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Cleaner, Cheaper Way to Make Steel Uses Electricity

Making steel in a similar way to aluminum is cheaper and reduces greenhouse gas emissions
Picture of Redcar steel works.



Flickr/Ian Britton

The fires that smelt iron also heat up the planet, but researchers are working on ways to produce higher-quality metals with fewer greenhouse gas emissions, potentially giving U.S. steelmakers an edge in a competitive global market.

A report released yesterday in the journal Nature highlights a step in this direction that uses electricity instead of heat to extract iron.

With thousands of years of development and two centuries of industrialization, making iron and steel is a mature process around the world. In 2011, manufacturers produced around 100 billion metric tons of iron globally.

From mining ores to smelting to tempering alloys, the process is energy intensive, and engineers have chased improvements about as long as steel has topped axes, formed armor and driven machinery.

"What that means is that the majority of low-hanging fruit have been picked and the processes we have to make [metals] are nearing the limits of what is physically possible," explained Lawrence Kavanagh, president of the Steel Market Development Institute.

Though iron is the most common element in the Earth's crust, it is usually in the form of an ore. Conventional processing methods use a high-temperature blast furnace to heat the iron ore and other compounds to remove oxygen and yield a desired alloy, a method that creates a lot of carbon dioxide, according to a report last year from U.S. EPA on greenhouse gas emissions from the iron and steel sector.

Discovery of an inexpensive anode
"For Integrated steelmaking, the primary sources of GHG emissions are blast furnace stoves (43 percent), miscellaneous combustion sources burning natural gas and process gases (30 percent), other process units (15 percent) and indirect emissions from electricity usage (12 percent)," the report said, estimating that the U.S. steel industry produced 117 million tons of carbon dioxide in 2010.

But there are other ways to pull iron out of rocks. Dissolving ores in a molten electrolyte and passing a current through it could reduce iron oxides to a more usable form and produce oxygen at the same time. "The real issue here is finding a nonconsumable anode that can sustain this process," said Donald Sadoway, a professor of materials chemistry at the Massachusetts Institute of Technology and a co-author of the new report.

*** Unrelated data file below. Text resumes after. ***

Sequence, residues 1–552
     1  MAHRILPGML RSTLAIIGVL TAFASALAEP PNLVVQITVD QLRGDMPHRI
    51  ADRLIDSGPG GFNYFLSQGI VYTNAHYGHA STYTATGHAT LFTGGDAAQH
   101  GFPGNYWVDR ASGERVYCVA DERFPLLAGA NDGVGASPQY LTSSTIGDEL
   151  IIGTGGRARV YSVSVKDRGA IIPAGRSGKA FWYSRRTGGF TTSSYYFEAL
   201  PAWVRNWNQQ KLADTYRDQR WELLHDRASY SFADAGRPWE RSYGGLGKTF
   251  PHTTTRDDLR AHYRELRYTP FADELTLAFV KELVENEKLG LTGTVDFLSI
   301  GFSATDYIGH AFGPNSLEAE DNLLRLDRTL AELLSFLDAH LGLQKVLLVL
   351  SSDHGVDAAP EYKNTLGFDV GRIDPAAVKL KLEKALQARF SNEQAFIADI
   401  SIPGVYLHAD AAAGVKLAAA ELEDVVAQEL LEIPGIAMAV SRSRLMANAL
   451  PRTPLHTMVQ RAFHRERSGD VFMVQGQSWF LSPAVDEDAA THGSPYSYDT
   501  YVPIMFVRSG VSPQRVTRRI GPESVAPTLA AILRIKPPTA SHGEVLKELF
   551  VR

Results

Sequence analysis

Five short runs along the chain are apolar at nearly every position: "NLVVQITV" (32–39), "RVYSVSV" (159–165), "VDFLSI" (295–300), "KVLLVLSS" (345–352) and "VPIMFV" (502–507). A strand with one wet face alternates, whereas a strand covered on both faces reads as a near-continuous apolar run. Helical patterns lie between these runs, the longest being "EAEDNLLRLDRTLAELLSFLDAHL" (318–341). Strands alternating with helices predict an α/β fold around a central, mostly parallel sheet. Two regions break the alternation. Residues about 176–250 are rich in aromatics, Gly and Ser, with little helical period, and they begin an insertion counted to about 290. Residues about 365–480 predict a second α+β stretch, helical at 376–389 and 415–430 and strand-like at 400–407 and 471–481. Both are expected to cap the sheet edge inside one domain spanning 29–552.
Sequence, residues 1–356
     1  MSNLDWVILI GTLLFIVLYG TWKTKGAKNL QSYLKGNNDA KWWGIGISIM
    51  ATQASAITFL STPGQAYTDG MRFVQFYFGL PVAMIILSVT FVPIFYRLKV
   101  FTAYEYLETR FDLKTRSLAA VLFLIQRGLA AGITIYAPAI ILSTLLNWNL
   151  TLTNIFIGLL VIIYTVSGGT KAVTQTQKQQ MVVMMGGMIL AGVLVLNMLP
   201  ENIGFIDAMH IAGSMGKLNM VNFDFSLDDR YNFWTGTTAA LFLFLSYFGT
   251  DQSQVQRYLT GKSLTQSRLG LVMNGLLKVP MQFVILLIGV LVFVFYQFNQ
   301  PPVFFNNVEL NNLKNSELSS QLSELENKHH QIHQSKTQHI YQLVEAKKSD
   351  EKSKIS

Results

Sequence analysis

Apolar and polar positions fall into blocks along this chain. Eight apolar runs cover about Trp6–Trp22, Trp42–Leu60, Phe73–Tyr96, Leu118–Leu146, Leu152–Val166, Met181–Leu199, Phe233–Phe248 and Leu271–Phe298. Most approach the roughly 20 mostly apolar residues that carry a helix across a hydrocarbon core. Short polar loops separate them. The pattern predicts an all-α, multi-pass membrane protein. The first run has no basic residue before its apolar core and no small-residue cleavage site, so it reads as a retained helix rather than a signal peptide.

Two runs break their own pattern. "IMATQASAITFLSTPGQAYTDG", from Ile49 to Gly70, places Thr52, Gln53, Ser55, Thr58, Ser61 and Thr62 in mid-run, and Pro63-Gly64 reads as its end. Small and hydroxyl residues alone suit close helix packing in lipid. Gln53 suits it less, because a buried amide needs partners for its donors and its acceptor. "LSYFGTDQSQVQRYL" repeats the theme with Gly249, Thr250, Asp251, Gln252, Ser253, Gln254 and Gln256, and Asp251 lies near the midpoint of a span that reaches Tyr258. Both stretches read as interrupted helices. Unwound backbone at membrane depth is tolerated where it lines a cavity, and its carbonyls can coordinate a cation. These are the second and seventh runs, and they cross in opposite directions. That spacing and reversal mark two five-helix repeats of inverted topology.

Previous attempts to electrolyze ores used anodes made of expensive elements like platinum and iridium, or the components broke down in the 1,600-degree-Celsius temperatures needed to maintain a liquid metal-oxide electrolyte.

Sadoway and his team found that an anode made from chromium-based alloys could withstand the process. These materials are also cheap. "If you end up with something that's superior but far costlier, nobody wants it," Sadoway said.

Using electrolysis to make metals has several advantages over a blast furnace. The resulting metals are purer because there are fewer contaminants introduced in the process. "The electrolytic route actually consumes less energy," Sadoway noted, adding that it can be 30 percent more efficient than conventional methods.

Cost advantage for U.S. industry
These methods can help U.S. manufacturers forge a path to more energy-efficient steelmaking, creating a market advantage from higher-quality metals with smaller carbon footprints. Electrolysis could help reduce prices as well.

"Energy is a big cost in steel," said Kavanagh. He also observed that 40 percent of steel ends up traded, so any changes in production will have global consequences.

However, Kavanagh pointed out that electrolysis is only as clean as the grid that feeds it, so if the energy comes from a coal-fired power plant, there may not be any carbon emissions savings.

"If your source of electricity was renewable power, it would reduce carbon dioxide by 10 percent," said Derek Fray, an emeritus professor of materials chemistry at the University of Cambridge. Fray wrote a piece in Nature yesterday commenting on Sadoway's work.

Another issue is redesigning steel mills to accommodate electrolysis. Fray said blast furnace reactions take place in three dimensions, while electrolytic cell reactions occur in effectively two dimensions. The challenge, then, is to design an electrolysis steel plant that isn't much bigger than a conventional facility.

In his article, Fray also suggested that metal electrolysis could be used to produce oxygen on other planets, "making human colonization of the Solar System more feasible."

Researchers are now working on scaling up electric metal production. Sadoway said a demonstration plant is still about three years away, but the systems would be analogous to cells used to extract aluminum.

He acknowledged it will be hard and time-consuming to bring these radical changes to one of the most iconic industries in the world built on centuries of knowledge, noting his own two decades of research in liquid metals. "People who want instant gratification, they don't work in this area," he said.

Correction: Forty percent of global steel ends up traded, not exported, correcting an earlier version of this story.

Reprinted from Climatewire with permission from Environment & Energy Publishing, LLC. www.eenews.net, 202-628-6500

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